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Born at the Crest of the Empire

Wednesday, October 05, 2005

A new Iran/Iraq strategy.

Ran across a story talking about how the Iraq Sunni/Shia conflict has spread discord between the groups throughout other countries in the region, how the Iranians are now having to deal with their Sunni minority and the Saudis are facing a similar problem, and it got me to thinking.

Remember the Iran/Iraq war which was carefully monitored by the US who shipped arms and support to both sides more or less guaranteeing an extended eight year stalemate which hobbled both countries both in the short term and the long term? I'm beginning to wonder if the whole Iraq project might be being utilized in the same manner only along religious and cultural lines when you throw in the Kurds.

I mean, if the countries in the region have to deal with local independence movements and political stability they are far less likely to either a) unify or b) project any significant political or military impact towards Israel. This idea of tribalizing many of the Islamic mid-east countries is vaguely outlined in the "Clean Break" strategy papers in relation to Syria prepared by Feith, Perle, and Wurmser for incoming Likud chairman Netanyahu.

Couple that with the fact that many of the current policy makers, Cheney, Elliot Abrams, Rumsfeld, as well as the better president Bush, were involved in the support of Saddam(see Rumsfeld picture above after Saddam had "gassed his own people") and the arms shipments to Iran, and it just makes me kind of wonder.

No direct conclusion, just kind of riffing this Wednesday afternoon. But, after the last post and the evidence of some questionable behavior by British Intelligence down in Basra, I was just sitting here thinking about it from the other side. Who benefits from increased intra muslim conflict in the middle east? Clearly Israel, up to the point that the various factions arm up, but does the US/British alliance?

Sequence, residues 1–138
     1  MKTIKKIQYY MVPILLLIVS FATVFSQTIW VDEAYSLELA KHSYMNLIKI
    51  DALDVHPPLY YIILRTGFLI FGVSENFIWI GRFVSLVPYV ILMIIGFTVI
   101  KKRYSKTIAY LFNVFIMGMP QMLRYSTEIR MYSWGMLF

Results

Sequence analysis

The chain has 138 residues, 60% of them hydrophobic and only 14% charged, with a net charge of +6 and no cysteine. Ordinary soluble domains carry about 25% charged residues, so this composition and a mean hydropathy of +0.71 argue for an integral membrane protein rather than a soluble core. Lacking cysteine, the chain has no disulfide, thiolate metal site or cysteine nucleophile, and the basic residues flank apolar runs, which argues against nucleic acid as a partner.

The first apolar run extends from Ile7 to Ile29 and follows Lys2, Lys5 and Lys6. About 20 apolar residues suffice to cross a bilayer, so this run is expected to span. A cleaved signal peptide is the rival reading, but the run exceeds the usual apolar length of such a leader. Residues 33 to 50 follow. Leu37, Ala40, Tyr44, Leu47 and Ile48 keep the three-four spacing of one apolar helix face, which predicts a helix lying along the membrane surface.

I just keep remembering the anecdotal account of the firing of Gen Garner. The story was that he was sitting in Bagdhad a few days after the US troops fought their way in, and began setting up plans to hold Iraqi elections in 90 days. He was promptly relieved from that duty, only to be replaced by Bremer whose first order of business was to shelve those 90 day plansand to set about establishing the privatization of industries.

It was anecdotal from someone like Robert Fisk, but it just makes me think.

Update: Interesting. Came across this two minutes after I finished the post. Justin Raimondo is pushing a somewhat similar theory. Skip on down abit and read how the current offensive in Tal Afar falls in with this tribalism in relation to the Kurds, as well as the link to the Sy Hersh story citing Israeli intelligence and military support for the Kurds whose proclaimed "homeland" just happens to extend well into northern Iran.. And he throws Ledeen into the theorists supporting continued islamic infighting.